The day-long event that the Humanities Research Institute and others are hosting at the University of Regina tomorrow is certainly timely. As media like us have been reporting, the university is conducting an academic program review to cope with shifts in student demand in a relatively flat funding environment while still trying to fulfill its traditional mandate as a centre of knowledge, academic freedom and creativity as opposed to simply being a job-training factory (or something like that).
With sectors of the economy like resource extraction, health and business management booming, students facing the pressure of high tuition, uncertain job prospects and a sharp spike in the cost of living are queuing up (literally, and figuratively too I suppose) to study in areas where career prospects are solid. To meet that demand, the U of R (along with many other universities), is contemplating cuts in areas like arts and humanities and fine arts that aren’t perceived to be as practical in the grand scheme of things.
But in the really GRAND SCHEME OF THINGS, as measured by humanity’s evolution over the last million years or so, those disciplines, along with pure as opposed to applied research where the goal is to create a marketable product, have been instrumental in taking us from semi-simian status to where we are today. And they need to be nurtured along with all the other disciplines we rely on.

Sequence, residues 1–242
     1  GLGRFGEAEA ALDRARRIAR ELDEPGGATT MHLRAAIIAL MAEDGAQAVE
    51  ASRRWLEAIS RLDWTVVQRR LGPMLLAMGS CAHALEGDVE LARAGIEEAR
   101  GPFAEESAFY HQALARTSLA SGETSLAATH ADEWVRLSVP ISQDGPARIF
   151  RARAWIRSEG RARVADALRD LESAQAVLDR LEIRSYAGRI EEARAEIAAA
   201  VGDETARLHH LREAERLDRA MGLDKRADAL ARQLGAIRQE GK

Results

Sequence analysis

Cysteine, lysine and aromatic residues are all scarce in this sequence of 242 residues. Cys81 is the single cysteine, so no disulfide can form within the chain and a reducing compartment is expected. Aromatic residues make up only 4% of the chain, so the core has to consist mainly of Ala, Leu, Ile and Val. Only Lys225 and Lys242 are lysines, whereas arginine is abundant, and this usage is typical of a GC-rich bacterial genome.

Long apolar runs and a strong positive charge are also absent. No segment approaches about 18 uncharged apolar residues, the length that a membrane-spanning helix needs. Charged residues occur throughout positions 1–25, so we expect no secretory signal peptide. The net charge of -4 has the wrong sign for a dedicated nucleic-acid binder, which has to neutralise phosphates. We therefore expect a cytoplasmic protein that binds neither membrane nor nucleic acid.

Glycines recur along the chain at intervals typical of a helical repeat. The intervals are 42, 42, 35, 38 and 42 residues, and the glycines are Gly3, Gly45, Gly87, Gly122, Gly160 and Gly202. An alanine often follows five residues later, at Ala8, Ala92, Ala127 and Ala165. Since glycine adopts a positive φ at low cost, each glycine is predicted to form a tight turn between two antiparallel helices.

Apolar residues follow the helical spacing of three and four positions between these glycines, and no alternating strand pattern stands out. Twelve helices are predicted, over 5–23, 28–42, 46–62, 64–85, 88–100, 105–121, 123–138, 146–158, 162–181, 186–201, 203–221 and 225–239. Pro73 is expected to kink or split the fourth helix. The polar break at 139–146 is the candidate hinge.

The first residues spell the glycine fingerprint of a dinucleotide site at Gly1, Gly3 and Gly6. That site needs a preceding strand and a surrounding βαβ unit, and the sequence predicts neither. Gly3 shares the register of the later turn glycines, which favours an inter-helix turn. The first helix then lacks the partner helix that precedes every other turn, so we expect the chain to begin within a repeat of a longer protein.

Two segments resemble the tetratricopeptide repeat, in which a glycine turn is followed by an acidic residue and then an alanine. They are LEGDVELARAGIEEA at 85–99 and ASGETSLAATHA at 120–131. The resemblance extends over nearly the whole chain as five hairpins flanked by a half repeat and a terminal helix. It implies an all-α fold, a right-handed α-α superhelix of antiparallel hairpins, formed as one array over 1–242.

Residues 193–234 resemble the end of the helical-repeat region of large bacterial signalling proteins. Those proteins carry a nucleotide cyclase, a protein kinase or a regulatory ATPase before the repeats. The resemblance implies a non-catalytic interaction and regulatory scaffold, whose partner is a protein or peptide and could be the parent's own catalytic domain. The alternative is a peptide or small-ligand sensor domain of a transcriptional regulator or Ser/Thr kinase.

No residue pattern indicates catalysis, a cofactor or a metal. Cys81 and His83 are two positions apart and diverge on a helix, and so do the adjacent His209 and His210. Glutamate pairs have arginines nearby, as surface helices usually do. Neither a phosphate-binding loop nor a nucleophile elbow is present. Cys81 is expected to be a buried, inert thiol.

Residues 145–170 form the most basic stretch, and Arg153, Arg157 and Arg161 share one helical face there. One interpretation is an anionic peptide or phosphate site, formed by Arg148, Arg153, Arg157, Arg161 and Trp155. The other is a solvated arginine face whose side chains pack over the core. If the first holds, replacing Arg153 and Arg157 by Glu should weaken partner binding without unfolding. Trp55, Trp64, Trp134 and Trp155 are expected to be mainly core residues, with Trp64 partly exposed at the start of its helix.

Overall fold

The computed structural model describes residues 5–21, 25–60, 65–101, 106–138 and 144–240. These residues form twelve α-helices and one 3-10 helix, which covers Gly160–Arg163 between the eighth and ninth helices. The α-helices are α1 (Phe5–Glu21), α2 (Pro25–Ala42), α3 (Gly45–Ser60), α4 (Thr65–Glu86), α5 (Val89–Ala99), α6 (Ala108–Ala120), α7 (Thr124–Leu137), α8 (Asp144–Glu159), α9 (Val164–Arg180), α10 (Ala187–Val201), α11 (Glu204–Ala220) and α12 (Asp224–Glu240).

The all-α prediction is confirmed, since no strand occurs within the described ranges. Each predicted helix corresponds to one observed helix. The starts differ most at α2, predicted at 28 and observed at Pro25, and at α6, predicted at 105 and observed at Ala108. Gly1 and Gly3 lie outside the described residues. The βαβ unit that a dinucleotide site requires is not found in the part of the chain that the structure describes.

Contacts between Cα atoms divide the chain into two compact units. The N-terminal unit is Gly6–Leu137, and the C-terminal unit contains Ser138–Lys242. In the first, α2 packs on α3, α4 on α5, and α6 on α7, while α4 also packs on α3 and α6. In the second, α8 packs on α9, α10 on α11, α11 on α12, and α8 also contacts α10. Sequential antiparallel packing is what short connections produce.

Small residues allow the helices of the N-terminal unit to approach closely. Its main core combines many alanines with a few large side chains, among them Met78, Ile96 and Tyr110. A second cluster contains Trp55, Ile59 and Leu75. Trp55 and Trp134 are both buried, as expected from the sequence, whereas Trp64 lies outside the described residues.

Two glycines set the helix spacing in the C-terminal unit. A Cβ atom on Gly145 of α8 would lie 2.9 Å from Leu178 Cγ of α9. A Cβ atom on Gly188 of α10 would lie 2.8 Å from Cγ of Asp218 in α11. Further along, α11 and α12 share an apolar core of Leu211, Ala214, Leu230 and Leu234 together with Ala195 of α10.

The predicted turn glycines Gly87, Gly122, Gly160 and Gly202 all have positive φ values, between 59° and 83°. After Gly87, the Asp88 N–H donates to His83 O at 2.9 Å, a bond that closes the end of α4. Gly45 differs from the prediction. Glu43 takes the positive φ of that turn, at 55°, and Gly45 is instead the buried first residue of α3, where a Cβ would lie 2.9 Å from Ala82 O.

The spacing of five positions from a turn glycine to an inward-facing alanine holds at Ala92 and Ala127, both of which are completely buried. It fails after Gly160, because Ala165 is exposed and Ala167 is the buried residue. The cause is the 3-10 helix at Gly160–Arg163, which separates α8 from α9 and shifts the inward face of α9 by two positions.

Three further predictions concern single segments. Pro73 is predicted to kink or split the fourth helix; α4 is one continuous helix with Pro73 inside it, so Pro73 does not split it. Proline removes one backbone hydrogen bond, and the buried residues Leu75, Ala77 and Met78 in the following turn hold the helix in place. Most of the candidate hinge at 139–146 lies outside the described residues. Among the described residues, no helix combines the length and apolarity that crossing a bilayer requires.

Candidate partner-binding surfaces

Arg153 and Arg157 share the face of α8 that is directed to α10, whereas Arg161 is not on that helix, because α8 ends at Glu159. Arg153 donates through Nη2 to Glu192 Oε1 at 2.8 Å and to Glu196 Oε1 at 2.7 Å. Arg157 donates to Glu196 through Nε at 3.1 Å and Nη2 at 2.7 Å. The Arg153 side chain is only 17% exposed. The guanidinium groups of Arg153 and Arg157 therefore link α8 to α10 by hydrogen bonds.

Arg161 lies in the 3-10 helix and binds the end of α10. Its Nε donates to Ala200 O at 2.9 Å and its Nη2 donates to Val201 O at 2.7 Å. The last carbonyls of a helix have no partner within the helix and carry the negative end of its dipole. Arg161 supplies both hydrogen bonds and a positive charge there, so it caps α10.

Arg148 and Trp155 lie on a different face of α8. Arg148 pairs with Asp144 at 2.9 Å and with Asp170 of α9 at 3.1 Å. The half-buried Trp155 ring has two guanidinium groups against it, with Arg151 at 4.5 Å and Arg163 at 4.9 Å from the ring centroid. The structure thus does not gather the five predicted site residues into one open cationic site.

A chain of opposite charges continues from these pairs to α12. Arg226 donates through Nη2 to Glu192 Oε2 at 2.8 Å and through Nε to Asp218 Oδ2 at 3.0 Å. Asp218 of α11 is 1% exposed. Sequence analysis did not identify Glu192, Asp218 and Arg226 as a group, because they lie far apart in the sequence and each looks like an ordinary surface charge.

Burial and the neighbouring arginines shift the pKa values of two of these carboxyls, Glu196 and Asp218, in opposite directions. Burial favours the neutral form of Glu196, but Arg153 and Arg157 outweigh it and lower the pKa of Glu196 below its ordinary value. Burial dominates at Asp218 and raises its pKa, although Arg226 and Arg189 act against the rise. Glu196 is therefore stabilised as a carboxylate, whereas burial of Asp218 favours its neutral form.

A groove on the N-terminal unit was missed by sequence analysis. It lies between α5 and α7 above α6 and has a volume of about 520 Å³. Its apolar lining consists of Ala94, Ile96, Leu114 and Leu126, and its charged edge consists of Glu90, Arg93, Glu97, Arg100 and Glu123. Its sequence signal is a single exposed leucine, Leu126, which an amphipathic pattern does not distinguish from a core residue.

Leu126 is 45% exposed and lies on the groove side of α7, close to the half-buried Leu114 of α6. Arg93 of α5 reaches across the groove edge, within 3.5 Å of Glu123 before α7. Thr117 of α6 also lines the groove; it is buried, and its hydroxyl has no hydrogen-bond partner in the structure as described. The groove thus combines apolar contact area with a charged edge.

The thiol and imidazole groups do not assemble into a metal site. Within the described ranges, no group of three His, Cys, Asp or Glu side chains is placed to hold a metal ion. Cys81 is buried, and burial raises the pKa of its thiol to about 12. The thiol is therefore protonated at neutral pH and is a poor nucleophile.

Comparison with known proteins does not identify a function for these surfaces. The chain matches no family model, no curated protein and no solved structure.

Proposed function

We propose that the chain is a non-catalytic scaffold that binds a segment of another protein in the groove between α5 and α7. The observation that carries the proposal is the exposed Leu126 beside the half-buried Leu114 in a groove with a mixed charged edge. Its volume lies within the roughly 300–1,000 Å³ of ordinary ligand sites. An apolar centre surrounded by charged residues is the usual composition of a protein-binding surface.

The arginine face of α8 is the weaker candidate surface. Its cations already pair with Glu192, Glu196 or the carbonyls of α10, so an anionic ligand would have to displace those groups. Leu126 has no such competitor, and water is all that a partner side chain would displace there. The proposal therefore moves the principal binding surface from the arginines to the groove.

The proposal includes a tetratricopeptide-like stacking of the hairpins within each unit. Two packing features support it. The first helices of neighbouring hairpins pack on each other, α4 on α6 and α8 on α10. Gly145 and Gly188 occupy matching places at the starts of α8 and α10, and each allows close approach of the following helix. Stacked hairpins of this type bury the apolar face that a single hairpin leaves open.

It’s issues like those that will be explored in a town hall meeting called “Balance and Change In the 21st Century”. It goes at Campion College on Wednesday at 10 a.m. Then that evening, the HRI is hosting the annual Barbara Powell Lecture. Speaking this year is Dr. Antonia Maioni (pictured above), President of the Federation for Humanities and Social Sciences, who will be discussing “Imagining Our Common Future”. That goes at Campion at 7:30 p.m.